Laura Doyle examines the idea of a micro-friendship, following the brutal breakdown of one of hers…
‘We are not a species of solitary beings. We need each other and cannot live in isolation – not only for the basic needs of survival, but for the fulfilment of our highest capacities such as thought and language’.
According to Aristotle, our social nature finds its highest expression through friendship.
Aristotle may not have regarded women as men’s equals, but he did have some very interesting thoughts on friendship and human connection.
A couple of years back I moved to a new area. It was on the very cusp of covid, the world and my new abode desolate, pulling me all sorts of ways out of my comfort zone.
After some time it became evident I needed to find a new hairdresser, driving one hour to my previous just wasn’t cutting it anymore. Hair is a strange one for some – for me, rather. It is almost part of my identify, shielding me from the world when needed. So putting that into someone else’s hands can leave you feeling vulnerable. I like to choose my hairdressers carefully.
I found one and we clicked immediately. You know when you meet someone and you instantly gel and feel at ease in their presence? Well that was how it was. We spoke in great depth about our loves and our lives, and I entrusted him with things about my life as he did with me.
Getting my hair done was now an added catch up with a friend, or so it seemed to be. I would pick up two coffees and a treat, and we would natter and laugh the way through the often lengthy hair tape application process.
About two years in to our hair-related micro-friendship, I tried to book in with him.
“I’m sorry he has no available appointments,” was what I got back.
Not a big deal I thought, I’m flexible, I’ll fit in whenever.
“I’m sorry he has no available appointments for you at all”.
“Okay no problem at all!” I had to cheerily reply, “totally understand!”. Cool, calm, collected. Inside? Freaking out.
Did I come on too strong? Is he unfriending me? If I was Beyoncé would he squeeze me in?
To him I am a client. One of many he sees every day, I get this. I do. So, why was I feeling so upset?
With self-vilification imminent, I really tried to look inside and see what it was about this micro-friendship that has left me feeling so hurt.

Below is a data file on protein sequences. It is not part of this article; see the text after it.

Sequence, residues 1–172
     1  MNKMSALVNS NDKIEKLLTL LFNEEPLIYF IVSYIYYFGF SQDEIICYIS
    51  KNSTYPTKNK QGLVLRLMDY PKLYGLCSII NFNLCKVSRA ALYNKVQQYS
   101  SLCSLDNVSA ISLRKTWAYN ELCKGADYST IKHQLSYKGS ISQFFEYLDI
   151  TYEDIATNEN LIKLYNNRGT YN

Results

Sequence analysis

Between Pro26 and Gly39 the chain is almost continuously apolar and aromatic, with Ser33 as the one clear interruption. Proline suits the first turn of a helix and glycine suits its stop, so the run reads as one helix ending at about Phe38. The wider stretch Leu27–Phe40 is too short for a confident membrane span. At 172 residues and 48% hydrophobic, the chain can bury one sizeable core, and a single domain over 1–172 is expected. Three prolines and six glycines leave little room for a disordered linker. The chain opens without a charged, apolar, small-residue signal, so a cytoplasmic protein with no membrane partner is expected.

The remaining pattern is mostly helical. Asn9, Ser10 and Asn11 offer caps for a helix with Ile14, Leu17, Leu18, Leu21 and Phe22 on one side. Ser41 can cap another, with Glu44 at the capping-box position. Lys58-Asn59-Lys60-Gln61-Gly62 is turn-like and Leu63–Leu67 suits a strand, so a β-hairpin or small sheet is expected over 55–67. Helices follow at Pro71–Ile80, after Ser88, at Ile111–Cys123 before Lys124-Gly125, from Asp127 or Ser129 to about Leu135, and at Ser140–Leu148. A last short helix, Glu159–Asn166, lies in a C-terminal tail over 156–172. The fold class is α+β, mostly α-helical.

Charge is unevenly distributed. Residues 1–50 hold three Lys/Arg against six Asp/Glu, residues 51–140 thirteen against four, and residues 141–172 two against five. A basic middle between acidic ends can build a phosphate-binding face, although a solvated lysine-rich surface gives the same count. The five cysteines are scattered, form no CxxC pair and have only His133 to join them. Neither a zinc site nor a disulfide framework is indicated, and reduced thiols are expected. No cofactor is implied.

As I delved more into the topic I soon realised that for some, these small interactions or ‘micro-friendships’ mean little to nothing, but for some they mean a great deal.
In a study carried out by Professor David Myers of Hope College, Michigan, it was found that the people of Malawi are very familiar with these kinds of micro-friendships. It is the norm to exchange pleasantries with passers-by on the street, and with the vegetable and fruit-sellers. “If they have their babies with them you greet them, too. Eventually you see that the baby is now in school and there is another one on the way, so you feel you have gotten to know them through a series of small exchanges over the years,” says Professor Myers.
As I reached further into understanding the effect micro-friendships have on us as people I spoke with Joanna Fortune, clinical psychotherapist and attachment specialist, specialising in child and adolescent psychotherapy. Joanna is gifted in her field and explains the subject effortlessly.
“As humans we are social beings, we need and thrive on connection with others,” she says. “Our connections with others will vary greatly depending on the context of the connection. We have our lifelong connections (family), our long term connections (lifelong friends) our intimate partner connections AND we have our weak-tie connections (micro-friendships). They all matter, they are all very important to us and hold value in our lives but they are all very different,” Joanna continues.
Micro-friendships are by nature casual connections. This does not mean they are unimportant. During Covid, when our contact with many of our loved ones were interrupted, the micro-friendship of eye contact, a shared smile, a wave and a good morning with the person we always met on those 5km walks really mattered. For some of us they were the only in-person interaction we may have had.
Micro-friendships blossom in places that are ‘ours’. The barista who knows your coffee order and the pleasant exchange you share each day, your gym buddy who’s surname you don’t know but who you enjoy working out with, the person who prepares your lunch in your office canteen who always remembers to ask about your kids.
These micro-friendships help to remind us that we are part of something bigger than ourselves, we are part of a community of connections. In these casual but meaningful connections we feel seen and acknowledged. They feel pleasant and comfortable but without any demand upon us that we give more of ourselves.